Although the mystery itself was entertaining, I honestly enjoyed this novel more when the narrative focused on Tommy and Tuppence’s struggles to be taken seriously and prove that they weren’t too old for some more feats of derring-do. The other guests at the house were all appropriately menacing and mysterious as necessary, with red herrings on every other page, and most of the threads tied up pretty nicely at the end (though that thing about which Tommy and Tuppence are in unspoken agreement about at the end made me wish Dame Agatha had lived much longer, so we could have had more adventures).

Overall, while N or M? doesn’t break the mold, it’s a great way to spend a couple of hours.

Review: The Lost and Found

Lost and Found

Title: The Lost and Found
Author: E. L. Irwin
Format: E-book
Note: I was given an ARC of this ebook in order to provide an honest review.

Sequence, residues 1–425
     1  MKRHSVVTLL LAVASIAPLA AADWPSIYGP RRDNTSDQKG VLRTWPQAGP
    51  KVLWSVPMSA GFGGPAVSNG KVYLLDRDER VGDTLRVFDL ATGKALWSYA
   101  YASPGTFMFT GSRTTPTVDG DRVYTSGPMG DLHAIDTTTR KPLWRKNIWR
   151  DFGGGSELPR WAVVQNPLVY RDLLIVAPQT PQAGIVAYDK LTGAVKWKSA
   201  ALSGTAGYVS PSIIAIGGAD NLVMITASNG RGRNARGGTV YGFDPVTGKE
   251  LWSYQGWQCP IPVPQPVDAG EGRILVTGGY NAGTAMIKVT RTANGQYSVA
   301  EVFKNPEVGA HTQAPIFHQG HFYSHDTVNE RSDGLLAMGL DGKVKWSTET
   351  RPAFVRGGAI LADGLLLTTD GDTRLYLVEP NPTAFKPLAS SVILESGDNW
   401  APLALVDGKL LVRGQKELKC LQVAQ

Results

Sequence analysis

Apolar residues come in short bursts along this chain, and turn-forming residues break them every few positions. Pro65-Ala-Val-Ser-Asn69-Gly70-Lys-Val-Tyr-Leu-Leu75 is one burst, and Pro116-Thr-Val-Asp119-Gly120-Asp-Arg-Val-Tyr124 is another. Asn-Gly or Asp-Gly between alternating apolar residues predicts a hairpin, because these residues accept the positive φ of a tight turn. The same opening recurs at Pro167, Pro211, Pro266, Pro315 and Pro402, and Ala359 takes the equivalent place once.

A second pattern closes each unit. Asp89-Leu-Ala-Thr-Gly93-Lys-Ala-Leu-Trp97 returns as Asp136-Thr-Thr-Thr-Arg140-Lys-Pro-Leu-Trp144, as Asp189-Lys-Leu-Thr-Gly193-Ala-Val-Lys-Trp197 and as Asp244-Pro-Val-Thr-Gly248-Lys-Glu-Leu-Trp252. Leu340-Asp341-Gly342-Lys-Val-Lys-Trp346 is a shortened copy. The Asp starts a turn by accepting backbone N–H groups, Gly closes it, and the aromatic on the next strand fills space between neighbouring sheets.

The Plot: After tragedy strikes, eighteen-year-old Crimson Sage Smyth and her younger brother, Ethan, move in with their grandfather, Billy, who runs a ranch for troubled boys. Once there, Crimson struggles to deal with her losses and sort out her feelings for Josiah, a hunky, tattooed loner who works on the ranch. Revelations about Crimson’s past and danger looming in her future hang over both of them, but if they’re lucky enough, these two lost souls may find each other just in time.